Harrow announces transitional pass-through reimbursement status for chloroprocaine hydrochloride ophthalmic gel 3%

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According to the company, in a clinical trial of chloroprocaine hydrochloride ophthalmic gel in patients undergoing routine cataract surgery, patients treated with the gel did not require any supplemental treatment to complete the intended surgical procedure.

A patient applying eye ointment to their eye

Chloroprocaine hydrochloride ophthalmic gel 3% is a sterile, single-patient use, physician-administered, ophthalmic gel preparation (Image credit: AdobeStock/revers_jr)

Harrow today announced the Centers for Medicare & Medicaid Services (CMS) has approved transitional pass-through reimbursement status for chloroprocaine hydrochloride ophthalmic gel 3%(IHEEZO), which is indicated for ocular surface anesthesia.

According to a news release, beginning April 1, and for the 3 years thereafter, chloroprocaine hydrochloride ophthalmic gel 3% will be eligible for separate reimbursement outside of the surgical bundled payment in both the Ambulatory Surgery Center (ASC) and Hospital Outpatient Department (HOPD) settings of care.

Chloroprocaine hydrochloride ophthalmic gel 3% is a sterile, single-patient use, physician-administered, ophthalmic gel preparation, containing no preservatives, for ocular surface anesthesia that was approved by the FDA on September 26, 2022.

The company noted in its news release that in a clinical trial of chloroprocaine hydrochloride ophthalmic gel 3% in patients undergoing routine cataract surgery, patients treated with the gel did not require any supplemental treatment to complete the intended surgical procedure. The gel also represents the first branded ocular surface anesthetic approved for the U.S. market in nearly 14 years.

Chloroprocaine hydrochloride ophthalmic gel 3% is contraindicated in patients with a history of hypersensitivity to any component of this preparation.

Horizon noted in its news release that CMS previously approved the issuance of a permanent, product-specific JCode (J2403), enabling access to chloroprocaine hydrochloride ophthalmic gel 3% for ophthalmologists, optometrists, and retina specialists for the in-office setting of care. This new CMS pass-through approval makes the gel the only ocular anesthetic with separate reimbursement in all traditional settings of care – the eyecare professional’s office, the ASC, and the HOPD.

The news release noted that CMS approves pass-through status to certain new and innovative medical devices, drugs, and biological products. Drugs that are administered in the ASC and HOPD settings can have pass-through status and be reimbursed accordingly by Medicare. By having pass-through status, chloroprocaine hydrochloride ophthalmic gel 3% will be separately reimbursed by Medicare at Average Sales Price (ASP) +6% in both the ASC and HOPD settings of care. Until an ASP is established, chloroprocaine hydrochloride ophthalmic gel 3% will be reimbursed accordingly at Wholesale Acquisition Cost (WAC) +3%.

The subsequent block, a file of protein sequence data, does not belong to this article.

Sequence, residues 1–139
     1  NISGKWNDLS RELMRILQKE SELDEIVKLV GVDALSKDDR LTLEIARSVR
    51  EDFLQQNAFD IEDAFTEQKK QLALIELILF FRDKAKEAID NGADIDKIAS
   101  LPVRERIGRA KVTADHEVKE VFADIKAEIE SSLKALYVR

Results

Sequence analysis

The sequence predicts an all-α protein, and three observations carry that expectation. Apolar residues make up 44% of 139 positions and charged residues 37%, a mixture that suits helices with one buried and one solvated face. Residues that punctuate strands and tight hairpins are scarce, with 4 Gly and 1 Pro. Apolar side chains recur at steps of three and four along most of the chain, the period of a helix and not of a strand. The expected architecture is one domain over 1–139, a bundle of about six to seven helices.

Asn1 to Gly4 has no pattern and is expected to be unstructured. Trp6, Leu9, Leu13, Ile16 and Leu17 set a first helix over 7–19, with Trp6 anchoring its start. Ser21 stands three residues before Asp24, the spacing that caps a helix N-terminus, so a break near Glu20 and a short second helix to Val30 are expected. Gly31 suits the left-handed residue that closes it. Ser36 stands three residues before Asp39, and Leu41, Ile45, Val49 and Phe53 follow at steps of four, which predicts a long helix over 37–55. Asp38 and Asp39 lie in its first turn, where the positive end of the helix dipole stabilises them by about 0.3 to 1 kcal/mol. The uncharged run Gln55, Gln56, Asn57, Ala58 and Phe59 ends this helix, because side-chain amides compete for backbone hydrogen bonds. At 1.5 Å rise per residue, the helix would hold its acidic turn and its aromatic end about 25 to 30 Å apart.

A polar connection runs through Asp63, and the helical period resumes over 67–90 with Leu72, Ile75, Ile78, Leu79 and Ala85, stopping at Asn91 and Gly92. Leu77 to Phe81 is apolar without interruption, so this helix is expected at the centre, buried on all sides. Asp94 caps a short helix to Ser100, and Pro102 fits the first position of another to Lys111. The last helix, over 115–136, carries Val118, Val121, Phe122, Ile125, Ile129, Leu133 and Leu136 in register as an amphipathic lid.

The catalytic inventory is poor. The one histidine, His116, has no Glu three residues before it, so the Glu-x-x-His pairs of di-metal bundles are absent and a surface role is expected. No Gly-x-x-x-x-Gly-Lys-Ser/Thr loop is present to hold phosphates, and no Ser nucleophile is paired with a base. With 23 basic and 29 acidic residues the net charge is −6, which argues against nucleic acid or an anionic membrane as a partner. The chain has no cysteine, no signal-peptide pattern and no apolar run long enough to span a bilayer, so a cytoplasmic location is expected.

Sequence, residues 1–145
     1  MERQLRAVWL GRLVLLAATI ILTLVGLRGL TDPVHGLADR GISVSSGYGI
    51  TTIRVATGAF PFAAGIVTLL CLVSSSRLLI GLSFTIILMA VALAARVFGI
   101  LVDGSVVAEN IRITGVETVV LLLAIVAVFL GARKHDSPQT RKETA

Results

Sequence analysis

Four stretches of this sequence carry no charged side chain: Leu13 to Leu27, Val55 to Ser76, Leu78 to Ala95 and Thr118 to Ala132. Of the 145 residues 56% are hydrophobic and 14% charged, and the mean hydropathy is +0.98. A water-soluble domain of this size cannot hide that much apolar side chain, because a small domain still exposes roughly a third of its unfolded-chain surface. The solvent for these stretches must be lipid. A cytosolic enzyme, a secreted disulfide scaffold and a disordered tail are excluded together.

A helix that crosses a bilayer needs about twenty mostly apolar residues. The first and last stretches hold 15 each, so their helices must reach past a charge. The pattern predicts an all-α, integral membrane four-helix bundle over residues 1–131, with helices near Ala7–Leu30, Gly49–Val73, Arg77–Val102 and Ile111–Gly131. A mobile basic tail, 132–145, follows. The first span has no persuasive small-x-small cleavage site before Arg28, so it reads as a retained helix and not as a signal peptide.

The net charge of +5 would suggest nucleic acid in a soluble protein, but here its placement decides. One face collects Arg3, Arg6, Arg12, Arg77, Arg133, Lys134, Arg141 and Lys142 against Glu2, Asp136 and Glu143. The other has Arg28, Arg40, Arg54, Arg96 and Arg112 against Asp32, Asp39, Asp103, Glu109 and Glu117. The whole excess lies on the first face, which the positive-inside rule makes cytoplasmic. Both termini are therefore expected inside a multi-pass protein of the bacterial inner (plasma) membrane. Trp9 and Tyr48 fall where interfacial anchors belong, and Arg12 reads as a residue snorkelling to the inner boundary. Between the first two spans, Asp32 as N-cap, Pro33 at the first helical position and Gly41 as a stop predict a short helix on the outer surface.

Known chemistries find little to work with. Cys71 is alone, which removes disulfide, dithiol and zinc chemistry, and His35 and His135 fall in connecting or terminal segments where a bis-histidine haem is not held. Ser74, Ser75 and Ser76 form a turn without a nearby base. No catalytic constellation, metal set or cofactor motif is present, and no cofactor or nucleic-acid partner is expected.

“We are grateful to CMS for their approval of transitional pass-through reimbursement status for IHEEZO and for their support of our mission to make innovative ophthalmic prescription medications accessible and affordable,” said Mark L. Baum, chairman and CEO of Harrow. “With approximately 5 million cataract surgeries and more than 8 million intravitreal injections performed each year in the U.S., we believe that IHEEZO’s receipt of both a permanent JCode, which we announced on February 2, 2023, and now, passthrough reimbursement status, will contribute to greater patient access to this important new treatment to anesthetize the eye. We remain on track for the commercial launch of IHEEZO at the May 2023 American Society of Cataract and Refractive Surgery (ASCRS) meeting in San Diego.”

The company noted in its news release the gel should not be injected or intraocularly administered. Patients should not touch the eye for at least 10 to 20 minutes after using an anesthetic as accidental injuries can occur due to insensitivity of the eye. Prolonged use of a topical ocular anesthetic may produce permanent corneal opacification and ulceration with accompanying visual loss. Do not touch the dropper tip to any surface as this may contaminate the gel, which is indicated for administration under the direct supervision of a healthcare provider. The gel also is not intended for patient self-administration.

The most common adverse reaction is mydriasis (approximately 25%).

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